5. Don’t hesitate to use tools
Global Game Changers’ website is focused on helping kids in kindergarten through fifth grade understand and process 9/11 with a video, virtual galleries, interactive activities, and service projects. You can also check out some amazing children’s books written about 9/11.

6. Read the room
Learning about 9/11 can bring up difficult feelings of loss and fear for some children. Be alert to those signs in your own children, and especially in a larger setting like a classroom, where you may be less aware of each child’s past experiences. Allow for some quiet space to think and reflect.

7. Remember the positive
Although 9/11 was a tragic event with widespread consequences, help kids focus on the positive. Integrating heroic stories of familiar figures – firefighters, EMTs, and police officers – will help kids feel less scared. Older kids may connect to the stories of everyday people who stepped up on that day and in the days afterwards to help.

8. Explore 9/11’s remnants today
Remind kids that we have not had an attack like 9/11 since that day 21 years ago. If your children are familiar with air travel, you can tell them how airport security has changed to keep us safe. Numerous cities across the United States have also created their own 9/11 memorials, so you might plan a visit to one close to your home.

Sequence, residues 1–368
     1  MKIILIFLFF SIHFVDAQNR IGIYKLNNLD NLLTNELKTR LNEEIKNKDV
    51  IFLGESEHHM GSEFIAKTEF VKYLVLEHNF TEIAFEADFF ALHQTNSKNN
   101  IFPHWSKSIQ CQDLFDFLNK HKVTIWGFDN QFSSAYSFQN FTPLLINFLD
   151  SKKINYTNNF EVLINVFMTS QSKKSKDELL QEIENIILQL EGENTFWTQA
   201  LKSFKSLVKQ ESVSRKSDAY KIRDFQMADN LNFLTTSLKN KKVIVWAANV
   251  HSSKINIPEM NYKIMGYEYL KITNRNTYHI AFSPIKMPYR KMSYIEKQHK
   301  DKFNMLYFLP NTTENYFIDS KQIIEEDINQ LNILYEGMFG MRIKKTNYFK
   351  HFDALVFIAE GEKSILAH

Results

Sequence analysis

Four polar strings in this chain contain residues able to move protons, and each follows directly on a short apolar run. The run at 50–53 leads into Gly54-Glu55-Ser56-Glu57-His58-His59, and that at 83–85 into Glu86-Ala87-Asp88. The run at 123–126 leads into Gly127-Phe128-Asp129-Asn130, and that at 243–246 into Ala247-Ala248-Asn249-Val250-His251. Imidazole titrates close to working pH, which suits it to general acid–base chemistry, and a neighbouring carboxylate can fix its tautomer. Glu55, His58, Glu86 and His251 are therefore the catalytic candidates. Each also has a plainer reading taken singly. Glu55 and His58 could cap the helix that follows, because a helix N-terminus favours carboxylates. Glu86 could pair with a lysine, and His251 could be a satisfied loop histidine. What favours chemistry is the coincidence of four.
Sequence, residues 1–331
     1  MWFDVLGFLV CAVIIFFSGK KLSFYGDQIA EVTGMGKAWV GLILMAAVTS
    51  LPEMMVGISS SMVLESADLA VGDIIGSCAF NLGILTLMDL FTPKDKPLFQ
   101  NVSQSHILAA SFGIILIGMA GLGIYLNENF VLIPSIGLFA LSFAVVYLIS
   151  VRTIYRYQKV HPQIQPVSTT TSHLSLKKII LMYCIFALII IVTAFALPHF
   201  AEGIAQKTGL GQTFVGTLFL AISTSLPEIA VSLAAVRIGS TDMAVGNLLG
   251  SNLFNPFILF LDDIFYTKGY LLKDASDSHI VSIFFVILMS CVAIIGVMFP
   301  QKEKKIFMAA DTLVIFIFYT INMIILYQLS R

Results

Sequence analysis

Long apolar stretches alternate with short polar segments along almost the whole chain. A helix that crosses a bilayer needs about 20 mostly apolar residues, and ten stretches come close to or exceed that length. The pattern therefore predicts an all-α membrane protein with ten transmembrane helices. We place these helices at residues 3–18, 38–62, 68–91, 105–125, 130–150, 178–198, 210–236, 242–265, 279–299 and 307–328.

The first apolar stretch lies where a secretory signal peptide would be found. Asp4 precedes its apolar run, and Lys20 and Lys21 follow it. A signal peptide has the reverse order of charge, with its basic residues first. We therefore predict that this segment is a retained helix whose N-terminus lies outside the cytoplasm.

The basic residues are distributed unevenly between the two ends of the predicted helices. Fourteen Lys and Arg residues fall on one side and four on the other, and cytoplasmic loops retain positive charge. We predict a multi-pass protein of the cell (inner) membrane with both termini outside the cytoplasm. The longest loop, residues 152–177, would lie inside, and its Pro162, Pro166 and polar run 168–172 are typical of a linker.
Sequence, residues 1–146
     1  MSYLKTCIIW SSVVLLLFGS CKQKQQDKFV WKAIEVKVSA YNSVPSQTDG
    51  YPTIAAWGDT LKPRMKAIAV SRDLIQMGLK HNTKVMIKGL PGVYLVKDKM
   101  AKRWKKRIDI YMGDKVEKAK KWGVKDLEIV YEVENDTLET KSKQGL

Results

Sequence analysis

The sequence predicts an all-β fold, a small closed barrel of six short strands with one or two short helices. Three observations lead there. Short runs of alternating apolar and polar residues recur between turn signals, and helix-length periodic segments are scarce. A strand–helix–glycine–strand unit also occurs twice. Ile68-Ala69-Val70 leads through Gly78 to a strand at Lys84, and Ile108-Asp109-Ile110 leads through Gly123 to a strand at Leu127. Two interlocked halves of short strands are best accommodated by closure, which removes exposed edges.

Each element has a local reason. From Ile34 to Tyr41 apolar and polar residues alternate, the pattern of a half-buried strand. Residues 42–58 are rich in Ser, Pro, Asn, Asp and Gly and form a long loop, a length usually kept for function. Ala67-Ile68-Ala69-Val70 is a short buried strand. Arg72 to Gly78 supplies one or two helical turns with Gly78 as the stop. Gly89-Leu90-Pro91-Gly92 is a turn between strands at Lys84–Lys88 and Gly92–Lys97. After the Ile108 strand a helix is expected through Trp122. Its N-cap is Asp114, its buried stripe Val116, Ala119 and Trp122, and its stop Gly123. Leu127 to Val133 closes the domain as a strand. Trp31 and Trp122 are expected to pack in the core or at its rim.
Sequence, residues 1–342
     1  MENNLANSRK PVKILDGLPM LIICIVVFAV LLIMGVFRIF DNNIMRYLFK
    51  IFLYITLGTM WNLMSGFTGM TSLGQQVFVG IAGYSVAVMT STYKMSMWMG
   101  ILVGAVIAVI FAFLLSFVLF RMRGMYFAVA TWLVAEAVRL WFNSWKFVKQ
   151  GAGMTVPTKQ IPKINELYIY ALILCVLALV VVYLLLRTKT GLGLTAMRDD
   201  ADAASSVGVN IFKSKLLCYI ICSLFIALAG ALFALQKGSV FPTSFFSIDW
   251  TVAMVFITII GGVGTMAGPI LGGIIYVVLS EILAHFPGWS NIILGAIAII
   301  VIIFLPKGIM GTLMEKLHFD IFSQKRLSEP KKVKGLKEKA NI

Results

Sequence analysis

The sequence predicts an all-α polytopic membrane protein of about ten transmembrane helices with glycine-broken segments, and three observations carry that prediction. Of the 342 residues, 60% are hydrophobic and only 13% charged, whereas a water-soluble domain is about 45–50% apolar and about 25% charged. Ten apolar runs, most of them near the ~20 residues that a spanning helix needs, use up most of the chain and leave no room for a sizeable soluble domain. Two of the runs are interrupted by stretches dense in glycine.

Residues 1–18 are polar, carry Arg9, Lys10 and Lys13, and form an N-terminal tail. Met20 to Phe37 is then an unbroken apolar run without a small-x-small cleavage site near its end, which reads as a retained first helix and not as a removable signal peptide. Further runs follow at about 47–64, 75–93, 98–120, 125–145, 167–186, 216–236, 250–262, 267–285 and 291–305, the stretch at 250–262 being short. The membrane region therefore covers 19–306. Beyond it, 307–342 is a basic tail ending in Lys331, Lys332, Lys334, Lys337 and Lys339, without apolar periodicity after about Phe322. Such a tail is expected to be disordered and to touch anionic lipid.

Many lives were lost on 9/11, so it is important to be sensitive when sharing anything with a younger child about the events. It can provide a rich history lesson when taught properly.

I had a chance to learn more in this interview with Jan Helson of Global Game Changers.

Why is it important for adults to be prepared to talk to kids about 9/11?
First of all, 9/11 is still a defining moment in our country's recent history. Your kids may be learning about it at school, or may hear about it on the news. Being prepared to answer your kid's questions, should they come up, is better than not knowing what to say. Second of all, our country has worked to transform the memory of 9/11 into a positive event, and now it is a National Day of Service along with Martin Luther King, Jr. Day. So it's a great day to start the conversation about service and giving back as well.

How can adults use 9/11 to help kids learn to look at important historical events?